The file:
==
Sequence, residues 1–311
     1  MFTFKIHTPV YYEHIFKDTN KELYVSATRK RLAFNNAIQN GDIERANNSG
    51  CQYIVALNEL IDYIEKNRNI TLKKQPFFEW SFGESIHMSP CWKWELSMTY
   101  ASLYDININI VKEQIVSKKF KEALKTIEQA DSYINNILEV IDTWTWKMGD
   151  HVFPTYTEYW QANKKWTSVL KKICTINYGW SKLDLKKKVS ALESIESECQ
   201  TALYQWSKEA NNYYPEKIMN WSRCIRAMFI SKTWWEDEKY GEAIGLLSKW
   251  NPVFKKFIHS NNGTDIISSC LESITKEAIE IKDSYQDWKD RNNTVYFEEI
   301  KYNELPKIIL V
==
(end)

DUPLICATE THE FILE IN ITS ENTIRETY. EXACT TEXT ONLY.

Sequence, residues 1–311
     1  MFTFKIHTPV YYEHIFKDTN KELYVSATRK RLAFNNAIQN GDIERANNSG
    51  CQYIVALNEL IDYIEKNRNI TLKKQPFFEW SFGESIHMSP CWKWELSMTY
   101  ASLYDININI VKEQIVSKKF KEALKTIEQA DSYINNILEV IDTWTWKMGD
   151  HVFPTYTEYW QANKKWTSVL KKICTINYGW SKLDLKKKVS ALESIESECQ
   201  TALYQWSKEA NNYYPEKIMN WSRCIRAMFI SKTWWEDEKY GEAIGLLSKW
   251  NPVFKKFIHS NNGTDIISSC LESITKEAIE IKDSYQDWKD RNNTVYFEEI
   301  KYNELPKIIL V